Renowned for its tropical specialty crops such as bananas, cacao and coffee, Ecuador is one of the most environmentally diverse countries located in northwestern South America. With the introduction of autonomous drones and robots, Ecuador is now reinventing the future of farming.

Megadrone Ecuador, as a group of agri-tech forerunner in the country, plays a vital role in expanding the use of agricultural drones and training young pilots. The involvement of drones throughout the agricultural product chain has been gaining momentum, to help Ecuadorian farmers cope with its challenging terrains and increase profit margin.

Andes Mountain range is a green jewel of the rich variety of landscapes that can be widely seen in Ecuador, July 2021

The Megadrone team with fleet of XAG drones took a long but stunning trip to participate in the high-altitude potato trial project in Hacienda la Ovejeria, Andes-Northeast Ecuador, July 2021

Since drone testing was conducted on rugged terrain, organisers were carefully discussing the details of the trial to ensure each team can perform perfectly, July 2021

Sitting beside high-altitude potato field, an XAG Agricultural Drone impressed people on site by precisely controlling its atomised droplets, July 2021

Experts compared the results of sensitive paper tests, where XAG drone made an excellent show on delivering uniform sprays on potato crops, July 2021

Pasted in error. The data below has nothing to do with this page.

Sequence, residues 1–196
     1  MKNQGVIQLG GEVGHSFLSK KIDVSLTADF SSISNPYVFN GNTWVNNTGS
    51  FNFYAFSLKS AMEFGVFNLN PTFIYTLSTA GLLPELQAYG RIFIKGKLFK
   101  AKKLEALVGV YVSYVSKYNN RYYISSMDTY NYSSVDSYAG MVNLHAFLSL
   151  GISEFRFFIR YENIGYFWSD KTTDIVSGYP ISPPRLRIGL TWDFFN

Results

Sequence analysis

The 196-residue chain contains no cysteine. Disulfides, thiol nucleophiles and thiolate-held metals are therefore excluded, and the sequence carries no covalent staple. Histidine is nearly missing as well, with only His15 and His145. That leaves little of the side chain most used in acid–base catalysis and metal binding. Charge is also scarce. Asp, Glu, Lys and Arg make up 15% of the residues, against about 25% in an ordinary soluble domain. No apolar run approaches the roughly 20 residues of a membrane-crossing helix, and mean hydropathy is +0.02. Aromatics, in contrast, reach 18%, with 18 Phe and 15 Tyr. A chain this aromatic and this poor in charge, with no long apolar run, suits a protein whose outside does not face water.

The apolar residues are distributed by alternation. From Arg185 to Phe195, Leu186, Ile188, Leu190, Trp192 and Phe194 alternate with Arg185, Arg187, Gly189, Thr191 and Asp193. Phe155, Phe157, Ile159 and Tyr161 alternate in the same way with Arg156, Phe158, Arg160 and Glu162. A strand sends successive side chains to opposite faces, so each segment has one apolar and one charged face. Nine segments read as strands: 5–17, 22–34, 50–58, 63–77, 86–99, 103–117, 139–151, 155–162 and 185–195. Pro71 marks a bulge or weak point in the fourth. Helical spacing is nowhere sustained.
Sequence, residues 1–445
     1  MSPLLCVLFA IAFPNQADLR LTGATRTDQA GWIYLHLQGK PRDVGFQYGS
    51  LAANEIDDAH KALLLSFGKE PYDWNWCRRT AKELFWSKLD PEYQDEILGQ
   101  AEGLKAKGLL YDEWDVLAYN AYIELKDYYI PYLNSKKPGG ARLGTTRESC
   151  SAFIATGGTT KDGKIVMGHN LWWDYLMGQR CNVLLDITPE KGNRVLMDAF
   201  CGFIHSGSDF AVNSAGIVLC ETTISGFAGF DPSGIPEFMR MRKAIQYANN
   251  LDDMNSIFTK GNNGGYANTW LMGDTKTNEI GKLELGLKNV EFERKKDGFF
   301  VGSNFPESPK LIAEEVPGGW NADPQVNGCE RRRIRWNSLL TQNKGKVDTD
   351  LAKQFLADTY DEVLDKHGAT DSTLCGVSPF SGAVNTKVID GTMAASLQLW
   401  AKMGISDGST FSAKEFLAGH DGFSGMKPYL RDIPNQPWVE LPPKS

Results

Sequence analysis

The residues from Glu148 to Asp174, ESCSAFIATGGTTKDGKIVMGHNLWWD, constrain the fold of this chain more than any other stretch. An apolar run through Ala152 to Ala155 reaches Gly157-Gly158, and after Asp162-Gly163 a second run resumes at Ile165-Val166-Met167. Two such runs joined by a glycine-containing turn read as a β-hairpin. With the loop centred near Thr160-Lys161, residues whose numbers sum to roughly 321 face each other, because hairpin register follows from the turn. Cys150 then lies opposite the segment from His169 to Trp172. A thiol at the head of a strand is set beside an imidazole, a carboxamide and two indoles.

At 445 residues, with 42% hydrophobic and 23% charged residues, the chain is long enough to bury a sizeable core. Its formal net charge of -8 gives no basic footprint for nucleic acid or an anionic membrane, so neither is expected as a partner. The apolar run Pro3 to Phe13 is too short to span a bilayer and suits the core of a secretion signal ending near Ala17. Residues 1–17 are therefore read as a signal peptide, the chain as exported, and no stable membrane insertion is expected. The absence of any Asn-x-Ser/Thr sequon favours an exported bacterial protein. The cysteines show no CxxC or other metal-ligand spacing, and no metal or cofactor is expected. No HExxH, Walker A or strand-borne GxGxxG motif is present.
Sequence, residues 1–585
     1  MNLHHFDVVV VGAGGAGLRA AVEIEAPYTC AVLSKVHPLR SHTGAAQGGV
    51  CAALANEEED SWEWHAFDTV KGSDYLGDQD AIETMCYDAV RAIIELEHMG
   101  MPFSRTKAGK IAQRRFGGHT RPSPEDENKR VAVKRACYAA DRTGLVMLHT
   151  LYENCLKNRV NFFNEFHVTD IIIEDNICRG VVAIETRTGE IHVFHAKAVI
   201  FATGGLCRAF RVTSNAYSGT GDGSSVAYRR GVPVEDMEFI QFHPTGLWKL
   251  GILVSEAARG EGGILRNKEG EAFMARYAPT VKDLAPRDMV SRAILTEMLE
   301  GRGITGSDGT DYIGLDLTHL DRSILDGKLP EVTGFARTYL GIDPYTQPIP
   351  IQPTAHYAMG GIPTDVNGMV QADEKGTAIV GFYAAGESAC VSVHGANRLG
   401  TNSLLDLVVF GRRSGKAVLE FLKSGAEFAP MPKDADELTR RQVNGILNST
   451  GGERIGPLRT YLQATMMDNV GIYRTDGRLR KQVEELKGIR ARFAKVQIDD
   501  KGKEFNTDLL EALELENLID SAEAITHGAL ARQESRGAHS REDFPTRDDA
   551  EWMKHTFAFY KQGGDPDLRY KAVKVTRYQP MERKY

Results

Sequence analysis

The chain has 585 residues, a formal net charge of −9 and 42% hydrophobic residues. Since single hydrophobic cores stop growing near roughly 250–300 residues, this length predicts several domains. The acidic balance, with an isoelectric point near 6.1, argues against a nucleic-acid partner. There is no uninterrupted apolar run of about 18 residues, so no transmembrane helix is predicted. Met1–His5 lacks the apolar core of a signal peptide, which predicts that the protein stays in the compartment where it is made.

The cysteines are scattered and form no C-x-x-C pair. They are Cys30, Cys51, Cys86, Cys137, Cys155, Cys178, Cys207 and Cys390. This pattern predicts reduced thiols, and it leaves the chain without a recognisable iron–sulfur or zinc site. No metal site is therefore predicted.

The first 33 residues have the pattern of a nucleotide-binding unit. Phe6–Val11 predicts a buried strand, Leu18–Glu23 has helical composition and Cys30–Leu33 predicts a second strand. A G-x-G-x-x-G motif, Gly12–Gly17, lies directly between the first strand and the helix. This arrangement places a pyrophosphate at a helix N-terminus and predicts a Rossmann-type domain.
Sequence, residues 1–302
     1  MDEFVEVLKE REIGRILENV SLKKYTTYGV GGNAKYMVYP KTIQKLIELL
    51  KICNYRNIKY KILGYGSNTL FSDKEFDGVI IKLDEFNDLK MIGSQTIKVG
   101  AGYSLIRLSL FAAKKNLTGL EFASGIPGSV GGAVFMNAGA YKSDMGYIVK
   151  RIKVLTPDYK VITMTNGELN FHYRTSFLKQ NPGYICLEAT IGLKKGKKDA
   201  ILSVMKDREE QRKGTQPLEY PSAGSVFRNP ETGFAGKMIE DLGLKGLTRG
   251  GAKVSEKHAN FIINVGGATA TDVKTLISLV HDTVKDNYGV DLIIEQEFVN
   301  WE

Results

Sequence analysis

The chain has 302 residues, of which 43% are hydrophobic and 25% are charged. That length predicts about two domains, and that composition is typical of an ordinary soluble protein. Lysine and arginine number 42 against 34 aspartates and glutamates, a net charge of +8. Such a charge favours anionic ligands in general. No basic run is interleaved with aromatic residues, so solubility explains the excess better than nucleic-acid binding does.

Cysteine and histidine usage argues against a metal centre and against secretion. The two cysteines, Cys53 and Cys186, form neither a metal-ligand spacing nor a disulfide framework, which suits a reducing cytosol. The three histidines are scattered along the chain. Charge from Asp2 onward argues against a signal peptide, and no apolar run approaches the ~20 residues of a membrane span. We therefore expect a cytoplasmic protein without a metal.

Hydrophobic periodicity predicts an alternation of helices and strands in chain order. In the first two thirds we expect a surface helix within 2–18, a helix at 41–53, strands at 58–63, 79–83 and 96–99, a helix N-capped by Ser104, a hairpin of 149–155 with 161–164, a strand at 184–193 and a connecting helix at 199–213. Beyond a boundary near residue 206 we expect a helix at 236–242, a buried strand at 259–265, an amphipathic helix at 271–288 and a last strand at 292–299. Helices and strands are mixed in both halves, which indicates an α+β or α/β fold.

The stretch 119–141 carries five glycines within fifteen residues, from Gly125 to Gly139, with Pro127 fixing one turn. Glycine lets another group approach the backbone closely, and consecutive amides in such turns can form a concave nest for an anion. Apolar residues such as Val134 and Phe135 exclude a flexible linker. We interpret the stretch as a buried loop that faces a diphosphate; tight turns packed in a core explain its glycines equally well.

A mother filmed the spraying drone together with her lovely families in a terraced avocado field deep down the Andes, July 2021

With the companion of her lovely puppy, the little Pom Pom Beanie was enjoying the visual feast of drone flying over cornfield, July 2021

Just like a Superman flying between highland terrains, the farming drone looked after the vast fields without any restriction, July 2021

Two technicians were checking the farming drone. Megadrone Ecuador regularly provides technical training to pilots and makes ensure that the machine can keep daily work routine, July 2021

SHHH! There is no worry of the Supermen having no time to get enough rest, July 2021

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Japan Aroma Bombs: The Most Expensive Grapes?

Large, seedless, with light green skin as well as firm and crispy texture of each single grain, just a nibble to let sweet juice exploding in your mouth along with strong floral and musk aroma. This is the Japanese “Shine Muscat”, a popular high-class grape that has the trio of quality, aroma, and taste, known as the “Queen of Muscat”. In a vineyard of Japan, a mysterious robot with the classic red colour frame was recently spotted to correct the effect of labour shortage on muscat.

The Japanese grape with juicy, sweet, thick flesh and unique refreshing aroma (Source: 企業組合ジパング)